Spectacular Alpine passes – Most Dangerous Roads

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Explore them with caution
This issue will cover some hair-raising and simply not safe roads and tracks, most accompanied by breathtaking scenery (that is, if you’ll be able to take your eyes off the road).

1. Stelvio Pass Road – redefining switchbacks

Height – 2757 meters

Location – in the Italian Alps, near Bormio and Sulden, 75 km from Bolzano, close to Swiss border. (The road connects the Valtellina with the upper Adige valley and Merano)

Claim to fame – “the highest paved mountain pass in the Eastern Alps, and the second highest in the Alps, after the Col de l’Iseran (2770 m)”

This road might not be as risky as the deadly routes in Bolivia, but it is certainly breathtaking. The tour books advise that the toughest and most spectacular climbing is from the Prato side, Bormio side approach is more tame. With 48 hairpins, this road is regarded as one of the finest continuous hairpin routes in the Alps.

(image credit: Emiliano De Angeli)

The road itself is a marvel of engineering skill; the exhilarating serpentine sections ask to be driven by experienced motorists for their own sakes. All in all, this could be the most magnificent road pass in Europe.

“On the southern side the road worms its way up the immensely deep Braulio ravine, clinging from side to side and tunneling frequently, between towering rock walls, to the more open basin at the 4th Cantoniera, where the Umbrail Pass comes in from the left. From the junction to the summit is little more than a mile, the road winding more gently up 900 ft. of shaly slope, but still relatively viewless.

From the summit, where the famous Ortler view is suddenly revealed, the Trafoi windings lead down in face of superb views of peaks and glaciers to Trafoi, just below the tree line. The rest of the road, falling along the Trafoibach to the Adige levels in the main valley, is a pleasant descent with fine views ahead of the Zillertal (Austrian) peaks in the main Alpine chain.”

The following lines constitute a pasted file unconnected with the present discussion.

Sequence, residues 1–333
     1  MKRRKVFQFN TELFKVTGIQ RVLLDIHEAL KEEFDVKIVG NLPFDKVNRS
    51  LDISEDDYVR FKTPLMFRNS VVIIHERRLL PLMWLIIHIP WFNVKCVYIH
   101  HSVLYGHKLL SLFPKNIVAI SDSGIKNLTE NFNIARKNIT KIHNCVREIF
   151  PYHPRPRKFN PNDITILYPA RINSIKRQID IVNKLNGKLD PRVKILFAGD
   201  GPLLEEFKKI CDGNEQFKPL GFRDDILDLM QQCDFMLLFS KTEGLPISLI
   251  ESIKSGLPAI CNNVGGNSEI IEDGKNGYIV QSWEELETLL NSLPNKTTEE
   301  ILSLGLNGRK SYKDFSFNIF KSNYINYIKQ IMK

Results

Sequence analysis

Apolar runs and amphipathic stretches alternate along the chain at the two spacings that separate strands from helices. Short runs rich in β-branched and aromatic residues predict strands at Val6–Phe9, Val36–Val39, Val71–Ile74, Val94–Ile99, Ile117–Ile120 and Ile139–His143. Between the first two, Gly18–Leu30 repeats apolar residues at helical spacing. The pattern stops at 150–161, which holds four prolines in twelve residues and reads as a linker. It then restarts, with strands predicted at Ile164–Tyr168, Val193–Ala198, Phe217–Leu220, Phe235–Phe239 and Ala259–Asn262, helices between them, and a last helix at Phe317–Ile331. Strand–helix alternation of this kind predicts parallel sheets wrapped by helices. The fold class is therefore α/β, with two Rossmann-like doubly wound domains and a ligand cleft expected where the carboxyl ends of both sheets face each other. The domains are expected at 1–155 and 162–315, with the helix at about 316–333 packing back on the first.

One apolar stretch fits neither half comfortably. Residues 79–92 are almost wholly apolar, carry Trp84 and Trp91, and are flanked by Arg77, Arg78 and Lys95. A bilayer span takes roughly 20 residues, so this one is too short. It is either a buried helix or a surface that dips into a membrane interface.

— Hugh Merrick, “The Great Motor Highways of the Alps”, 1958

(image credit: Michiel)

There are other spectacular hairpin-climb passes in the Alps. Brian Wilson has some good bike touring shots:

This one is Grimsel Pass near Gletsch, Switzerland. Furka pass is also visible in the upper left of the picture.

Coming down from Furka Pass:

Old road over Saint Gothard Pass, Switzerland – still open to the public.

(images credit: Brian Wilson)

Some will say that the hairpin road passes of Europe are quite safe to drive on. That may be so, but we think that the altitude, rockfall, snow and other unexpected road hazards (like inexperienced tourist drivers) make these routes “a little bit” more dangerous than your typical trip for groceries.

Italian Alps are rife with exhilarating switchback roads. Here is one at Fraele, near Isolaccia in Lombardy.

(images credit: Emiliano De Angeli)

The Italian side of the Splugen Pass, with breathtaking vertical grades at every turn.

(image credit: Brian Wilson)

Slovenian Mountain Roads are even narrower, and less maintained, but no less spectacular. Witness Mangrt Mountain Road, with Brian Wilson’s friend trying to navigate through snow. The road is a dead end, but traveled for the sheer scenery (click to enlarge):

Snow is not a problem, in this case anyway:

(images credit: Brian Wilson)

This is the original series, as it was started on DRB in November, 2006. Articles are written by Avi Abrams

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